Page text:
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‘Super Cyclone’ Bears Down on Bangladesh

The vast weather system — visible from space — was 125 kilometers offshore with gusts up to 200 kilometers per hour (125 mph), the equivalent of a category three hurricane

Several million people were taking shelter and praying for the best on Wednesday as the Bay of Bengal’s fiercest cyclone in decades roared towards Bangladesh and eastern India, with forecasts of a potentially devastating and deadly storm surge.

Authorities have scrambled to evacuate low lying areas in the path of “Amphan”, which is only the second “super cyclone” to form in the northeastern Indian Ocean since records began.

But their efforts have been hampered by the need to follow strict precautions to prevent the spread of the coronavirus pandemic, with infection numbers still soaring in both countries.

“At least 50 people took shelter in my concrete-built house. They came last evening. We gave them food,” Abdur Rahim, a Bangladeshi shrimp farmer on the edge of the Sundarbans mangrove forest told AFP.

“There is panic. The women are worried […] A few months ago Cyclone Bulbul smashed our village, destroying at least 100 homes. We hope Allah will save us this time.”

Early Wednesday the vast weather system — visible from space — was 125 kilometers offshore with gusts up to 200 kilometers per hour (125 mph), the equivalent of a category three hurricane.

It was expected to ease slightly but still pack a ferocious punch when it crosses the coasts of West Bengal state and neighboring Bangladesh on Wednesday “afternoon to evening” with gusts up to 185 kph.

CNN: Cyclone evacuation efforts in India and Bangladesh are being complicated by the coronavirus pandemic, as relief teams grapple with how to get millions of people to safety while also protecting them against the risk of Covid-19.

Bangladeshi forecasters said it would hit around 6pm (local time), with a potential storm surge up to five meters.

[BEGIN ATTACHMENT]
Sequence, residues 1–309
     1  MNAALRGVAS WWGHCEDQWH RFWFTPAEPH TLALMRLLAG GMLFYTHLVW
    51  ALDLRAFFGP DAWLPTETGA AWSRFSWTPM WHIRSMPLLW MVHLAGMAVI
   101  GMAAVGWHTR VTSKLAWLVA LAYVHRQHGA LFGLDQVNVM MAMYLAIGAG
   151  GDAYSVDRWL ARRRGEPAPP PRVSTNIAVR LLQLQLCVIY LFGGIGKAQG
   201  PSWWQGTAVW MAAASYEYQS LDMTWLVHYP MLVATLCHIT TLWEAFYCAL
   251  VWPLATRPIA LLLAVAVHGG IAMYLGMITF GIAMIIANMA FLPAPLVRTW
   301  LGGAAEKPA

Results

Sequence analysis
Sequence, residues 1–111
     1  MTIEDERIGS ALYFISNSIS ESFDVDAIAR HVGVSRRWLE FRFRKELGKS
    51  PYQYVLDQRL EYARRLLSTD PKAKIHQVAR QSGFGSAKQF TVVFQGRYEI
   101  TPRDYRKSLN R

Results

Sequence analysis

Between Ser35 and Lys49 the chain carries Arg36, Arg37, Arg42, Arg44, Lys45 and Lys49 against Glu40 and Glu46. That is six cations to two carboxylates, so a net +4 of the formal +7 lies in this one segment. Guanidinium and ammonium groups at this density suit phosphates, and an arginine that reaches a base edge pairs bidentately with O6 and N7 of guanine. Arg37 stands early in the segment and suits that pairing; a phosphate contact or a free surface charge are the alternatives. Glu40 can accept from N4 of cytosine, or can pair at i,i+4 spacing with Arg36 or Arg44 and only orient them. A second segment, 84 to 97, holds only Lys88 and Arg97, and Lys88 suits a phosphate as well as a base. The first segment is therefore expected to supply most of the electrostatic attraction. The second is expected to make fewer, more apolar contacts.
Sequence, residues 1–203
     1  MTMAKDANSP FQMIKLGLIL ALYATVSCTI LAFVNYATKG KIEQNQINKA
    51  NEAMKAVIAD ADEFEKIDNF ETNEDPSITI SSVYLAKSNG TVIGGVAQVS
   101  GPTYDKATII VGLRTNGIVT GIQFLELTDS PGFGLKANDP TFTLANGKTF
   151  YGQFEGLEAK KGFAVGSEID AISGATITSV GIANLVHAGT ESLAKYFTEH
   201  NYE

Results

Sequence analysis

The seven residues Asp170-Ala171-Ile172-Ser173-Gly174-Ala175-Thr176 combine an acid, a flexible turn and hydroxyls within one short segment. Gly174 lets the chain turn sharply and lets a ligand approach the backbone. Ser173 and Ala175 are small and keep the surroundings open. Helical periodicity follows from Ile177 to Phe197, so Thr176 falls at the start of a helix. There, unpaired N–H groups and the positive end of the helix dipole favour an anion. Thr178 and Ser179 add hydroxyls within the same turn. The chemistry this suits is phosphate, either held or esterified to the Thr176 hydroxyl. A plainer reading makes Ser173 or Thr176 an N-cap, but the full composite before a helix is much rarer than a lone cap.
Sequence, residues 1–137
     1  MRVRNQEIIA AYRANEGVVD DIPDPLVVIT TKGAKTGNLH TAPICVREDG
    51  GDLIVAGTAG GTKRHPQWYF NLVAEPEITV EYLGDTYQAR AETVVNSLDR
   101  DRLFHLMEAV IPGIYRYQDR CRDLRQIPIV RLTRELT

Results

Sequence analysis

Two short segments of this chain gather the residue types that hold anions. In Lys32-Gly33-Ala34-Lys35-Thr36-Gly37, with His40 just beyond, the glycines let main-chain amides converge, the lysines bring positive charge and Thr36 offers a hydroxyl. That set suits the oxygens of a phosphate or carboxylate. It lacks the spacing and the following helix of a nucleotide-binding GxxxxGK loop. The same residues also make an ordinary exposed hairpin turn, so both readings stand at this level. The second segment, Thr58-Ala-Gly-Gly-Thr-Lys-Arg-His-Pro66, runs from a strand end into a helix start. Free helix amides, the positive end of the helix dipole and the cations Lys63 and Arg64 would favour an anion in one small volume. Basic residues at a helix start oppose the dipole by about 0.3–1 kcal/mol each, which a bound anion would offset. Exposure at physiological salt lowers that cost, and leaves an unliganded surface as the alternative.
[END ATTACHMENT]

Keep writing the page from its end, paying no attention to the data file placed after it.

Storm surges can force a wall of water to cascade several kilometers inland, and are often the biggest killers in any cyclone, typhoon or hurricane.

Bangladesh’s low-lying coast, home to 30 million people, are regularly battered by cyclones that have claimed the lives of hundreds of thousands of people in recent decades.

In 1991, a typhoon, tornadoes and flooding killed 139,000 in Bangladesh. In 1970 Cyclone Bhola killed half a million.

Bangladesh authorities still fear that “Amphan” will be the most powerful storm front since Cyclone Sidr devastated the country in 2007, killing about 3,500 people and causing billions of dollars in damage.

The country has been feverishly working to bring 2.2 million people to safety, while West Bengal was relocating 300,000 others.

The Catholic Relief Services (CRS) aid group said people faced “an impossible choice” of braving the cyclone by staying put, or risking coronavirus infection in a shelter.

Authorities said they were using extra shelter space to reduce crowding, while also making face masks compulsory and providing extra soap and sanitizer.

“We are also keeping separate isolation rooms in the shelters for any infected patients,” Bangladesh’s junior disaster management minister Enamur Rahman told AFP.

Rohingya refugees

Although outside the predicted direct path of the storm, there are fears for the safety of almost a million Rohingya refugees from Myanmar in southeastern Bangladesh — most living in vast camps and housed in flimsy and makeshift shacks.

The first coronavirus cases were reported there last week, and by Tuesday there were six confirmed infections.

The United Nations said emergency items such as food, tarpaulins and water purification tablets had been stockpiled, while authorities said the refugees would be moved to sturdier buildings like schools.

“Heavy rains, flooding (and) the destruction of homes and farmland, will increase the likelihood of the virus spreading, particularly in densely populated areas like the refugee camps in Cox’s Bazar,” ActionAid said.

“It will also undoubtedly increase the number of lives and livelihoods already lost to this pandemic.”

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